WASHINGTON — Even as Speaker Kevin McCarthy, R-Calif., preps a last-ditch attempt to get his unruly conference in line behind a spending strategy, there were quiet staff-level talks happening among the “four corners” of the congressional leadership in both chambers to somehow avert a shutdown.
Senate Democratic and Republican leaders have been negotiating the contents of a stopgap spending measure while keeping House GOP leaders in the loop, sources familiar with the talks said. They are cognizant of the pressures McCarthy is facing and are trying to give him something his conference can feasibly swallow, these people said.
Accordingly, Senate leaders are said to be considering leaving out Ukraine aid and possibly additional supplemental disaster relief appropriations.
Although senators on both sides of the aisle strongly support Ukraine aid, they’ll get another bite at the apple in roughly six weeks when a continuing resolution expires Nov. 17 — although that date isn’t set in stone, sources said. That date lines up with what McCarthy floated to his members during a Saturday conference call.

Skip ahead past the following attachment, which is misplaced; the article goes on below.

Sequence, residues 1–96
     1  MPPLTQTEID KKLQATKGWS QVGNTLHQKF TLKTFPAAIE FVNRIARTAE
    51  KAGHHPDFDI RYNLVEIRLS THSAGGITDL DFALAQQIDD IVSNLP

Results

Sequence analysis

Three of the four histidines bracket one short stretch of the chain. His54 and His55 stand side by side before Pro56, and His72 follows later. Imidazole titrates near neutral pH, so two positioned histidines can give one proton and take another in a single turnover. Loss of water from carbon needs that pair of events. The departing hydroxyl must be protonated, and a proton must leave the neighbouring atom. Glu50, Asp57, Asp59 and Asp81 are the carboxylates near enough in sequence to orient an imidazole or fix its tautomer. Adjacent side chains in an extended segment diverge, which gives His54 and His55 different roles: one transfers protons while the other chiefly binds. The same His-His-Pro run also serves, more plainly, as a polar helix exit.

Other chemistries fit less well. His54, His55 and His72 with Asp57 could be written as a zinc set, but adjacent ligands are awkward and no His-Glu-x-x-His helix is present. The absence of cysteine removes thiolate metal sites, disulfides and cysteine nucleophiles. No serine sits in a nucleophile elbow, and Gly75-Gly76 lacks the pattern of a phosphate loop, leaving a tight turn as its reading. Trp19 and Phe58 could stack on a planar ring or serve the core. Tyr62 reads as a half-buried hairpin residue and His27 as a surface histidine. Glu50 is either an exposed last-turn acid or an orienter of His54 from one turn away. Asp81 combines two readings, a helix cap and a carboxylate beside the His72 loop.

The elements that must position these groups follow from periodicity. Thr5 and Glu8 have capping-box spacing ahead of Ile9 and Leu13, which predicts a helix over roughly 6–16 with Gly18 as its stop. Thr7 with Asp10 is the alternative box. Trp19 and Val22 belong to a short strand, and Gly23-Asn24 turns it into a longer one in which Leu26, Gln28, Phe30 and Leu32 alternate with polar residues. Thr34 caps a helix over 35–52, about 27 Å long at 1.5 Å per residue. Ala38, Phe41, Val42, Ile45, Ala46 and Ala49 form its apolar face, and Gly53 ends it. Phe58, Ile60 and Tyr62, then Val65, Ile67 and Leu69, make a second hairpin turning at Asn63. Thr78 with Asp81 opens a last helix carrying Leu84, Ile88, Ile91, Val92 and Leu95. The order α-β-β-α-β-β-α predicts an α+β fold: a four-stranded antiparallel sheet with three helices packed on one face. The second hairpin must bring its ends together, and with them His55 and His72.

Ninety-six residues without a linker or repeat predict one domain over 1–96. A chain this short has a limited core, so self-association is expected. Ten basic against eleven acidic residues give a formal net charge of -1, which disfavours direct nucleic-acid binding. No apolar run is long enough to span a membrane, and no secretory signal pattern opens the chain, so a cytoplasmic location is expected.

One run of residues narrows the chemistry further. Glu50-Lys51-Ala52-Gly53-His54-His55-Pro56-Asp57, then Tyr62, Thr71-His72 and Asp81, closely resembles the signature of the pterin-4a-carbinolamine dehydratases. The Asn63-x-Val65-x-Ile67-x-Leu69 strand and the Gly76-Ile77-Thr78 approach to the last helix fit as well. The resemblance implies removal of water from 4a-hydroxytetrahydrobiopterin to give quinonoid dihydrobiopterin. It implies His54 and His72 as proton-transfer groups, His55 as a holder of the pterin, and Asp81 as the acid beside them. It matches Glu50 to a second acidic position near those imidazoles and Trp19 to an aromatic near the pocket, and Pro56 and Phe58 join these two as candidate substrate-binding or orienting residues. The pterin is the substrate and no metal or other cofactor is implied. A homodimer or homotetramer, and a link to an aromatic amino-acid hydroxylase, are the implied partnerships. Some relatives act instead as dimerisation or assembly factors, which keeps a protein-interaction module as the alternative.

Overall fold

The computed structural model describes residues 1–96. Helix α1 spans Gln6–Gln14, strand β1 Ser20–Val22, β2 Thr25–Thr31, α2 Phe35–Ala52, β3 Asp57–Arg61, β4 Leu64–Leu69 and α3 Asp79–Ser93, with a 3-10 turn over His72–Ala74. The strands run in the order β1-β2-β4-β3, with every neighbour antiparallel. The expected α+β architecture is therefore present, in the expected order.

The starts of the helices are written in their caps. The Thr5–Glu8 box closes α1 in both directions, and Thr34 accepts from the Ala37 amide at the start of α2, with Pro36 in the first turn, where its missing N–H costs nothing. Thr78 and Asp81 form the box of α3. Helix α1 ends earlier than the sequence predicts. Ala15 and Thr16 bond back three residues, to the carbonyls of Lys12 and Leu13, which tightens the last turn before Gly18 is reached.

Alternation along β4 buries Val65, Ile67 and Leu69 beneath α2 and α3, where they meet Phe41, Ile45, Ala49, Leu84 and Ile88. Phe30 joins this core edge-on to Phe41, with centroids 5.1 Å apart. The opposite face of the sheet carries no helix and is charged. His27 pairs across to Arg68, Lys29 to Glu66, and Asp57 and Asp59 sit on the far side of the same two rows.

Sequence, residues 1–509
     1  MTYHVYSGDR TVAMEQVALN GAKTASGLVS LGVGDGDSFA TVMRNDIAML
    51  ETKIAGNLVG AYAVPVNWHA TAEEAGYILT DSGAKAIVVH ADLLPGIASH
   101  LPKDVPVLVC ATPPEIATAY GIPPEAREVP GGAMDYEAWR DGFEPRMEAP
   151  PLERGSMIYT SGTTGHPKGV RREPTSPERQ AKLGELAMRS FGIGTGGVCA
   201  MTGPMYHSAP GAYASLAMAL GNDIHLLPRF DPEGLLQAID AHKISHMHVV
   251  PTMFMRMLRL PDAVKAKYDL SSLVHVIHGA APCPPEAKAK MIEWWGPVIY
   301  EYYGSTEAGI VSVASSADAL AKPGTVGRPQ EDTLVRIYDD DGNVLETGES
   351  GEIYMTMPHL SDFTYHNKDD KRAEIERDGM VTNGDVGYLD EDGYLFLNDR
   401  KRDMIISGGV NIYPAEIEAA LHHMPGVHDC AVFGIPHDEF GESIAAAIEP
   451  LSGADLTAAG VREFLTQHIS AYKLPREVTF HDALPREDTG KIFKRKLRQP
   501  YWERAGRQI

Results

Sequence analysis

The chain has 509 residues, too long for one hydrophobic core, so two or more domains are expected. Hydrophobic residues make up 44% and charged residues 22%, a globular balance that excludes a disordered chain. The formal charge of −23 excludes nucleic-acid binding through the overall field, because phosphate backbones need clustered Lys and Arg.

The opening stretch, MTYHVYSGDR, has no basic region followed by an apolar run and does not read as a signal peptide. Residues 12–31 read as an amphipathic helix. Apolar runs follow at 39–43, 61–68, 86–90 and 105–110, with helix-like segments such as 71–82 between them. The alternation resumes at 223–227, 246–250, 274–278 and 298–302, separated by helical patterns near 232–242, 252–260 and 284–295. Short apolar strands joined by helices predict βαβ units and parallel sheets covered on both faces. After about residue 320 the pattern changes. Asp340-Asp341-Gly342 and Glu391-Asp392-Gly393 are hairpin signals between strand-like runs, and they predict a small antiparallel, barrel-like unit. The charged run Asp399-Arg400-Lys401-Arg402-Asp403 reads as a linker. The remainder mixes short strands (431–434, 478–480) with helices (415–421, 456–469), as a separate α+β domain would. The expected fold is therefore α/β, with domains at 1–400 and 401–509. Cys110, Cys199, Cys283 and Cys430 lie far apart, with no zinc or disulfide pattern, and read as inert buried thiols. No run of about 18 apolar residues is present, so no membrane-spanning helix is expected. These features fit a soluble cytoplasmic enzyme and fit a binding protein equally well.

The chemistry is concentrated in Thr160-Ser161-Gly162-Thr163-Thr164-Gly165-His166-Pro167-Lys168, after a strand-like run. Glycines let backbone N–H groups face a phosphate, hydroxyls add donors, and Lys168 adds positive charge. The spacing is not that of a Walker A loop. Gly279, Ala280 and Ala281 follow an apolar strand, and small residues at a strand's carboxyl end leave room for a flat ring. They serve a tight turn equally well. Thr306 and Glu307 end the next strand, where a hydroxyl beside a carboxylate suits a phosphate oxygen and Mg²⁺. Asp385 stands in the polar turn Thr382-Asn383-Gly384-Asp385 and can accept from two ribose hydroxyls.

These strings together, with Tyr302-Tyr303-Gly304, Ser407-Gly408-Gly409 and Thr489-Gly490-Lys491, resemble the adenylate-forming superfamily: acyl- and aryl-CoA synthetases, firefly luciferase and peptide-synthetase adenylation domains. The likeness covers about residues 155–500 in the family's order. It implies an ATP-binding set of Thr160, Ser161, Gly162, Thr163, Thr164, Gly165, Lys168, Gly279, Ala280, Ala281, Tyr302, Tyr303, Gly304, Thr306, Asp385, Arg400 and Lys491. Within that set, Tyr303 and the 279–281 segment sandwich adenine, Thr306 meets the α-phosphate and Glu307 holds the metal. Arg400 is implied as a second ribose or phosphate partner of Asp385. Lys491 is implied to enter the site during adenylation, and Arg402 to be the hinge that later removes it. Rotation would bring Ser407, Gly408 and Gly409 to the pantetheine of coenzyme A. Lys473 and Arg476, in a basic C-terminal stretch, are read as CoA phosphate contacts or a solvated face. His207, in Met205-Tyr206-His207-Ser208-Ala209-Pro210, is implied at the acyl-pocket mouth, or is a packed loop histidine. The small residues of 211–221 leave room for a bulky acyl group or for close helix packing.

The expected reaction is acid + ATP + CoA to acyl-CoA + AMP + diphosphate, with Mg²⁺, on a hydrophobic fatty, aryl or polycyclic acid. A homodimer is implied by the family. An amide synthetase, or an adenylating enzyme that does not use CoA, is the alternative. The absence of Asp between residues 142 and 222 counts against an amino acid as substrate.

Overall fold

Leaving out Ukraine aid could make it easier to jump through that chamber’s procedural hoops given expected roadblocks from Rand Paul, R-Ky., and possibly others. One source familiar with the talks said adding a Ukraine aid package could also lead to demands from Republicans for a substantial border security package that there may not be time to negotiate.
No decisions have been made yet on the Ukraine piece, in part because the duration of the CR hasn’t been finalized. If funding is extended beyond November, for example, there could be more pressure to get the money to Ukraine as part of the bill.
Disaster relief is broadly popular as well. But a bipartisan “anomaly” that’s already in an initial House version of stopgap legislation would free up $20 billion for the Federal Emergency Management Agency’s disaster relief fund without adding extra money that House conservatives have said they oppose.
One disaster-related item is expected to ride along with the CR: A fix to prevent steep pay cuts for wildland firefighters as soon as October.
The White House requested $60 million in new funding to last through December; the House’s current stopgap bill would repurpose up to $17.25 million from the 2021 infrastructure law to get through the duration of that monthlong government funding extension. The exact contours of a negotiated firefighter relief provision weren’t immediately clear.
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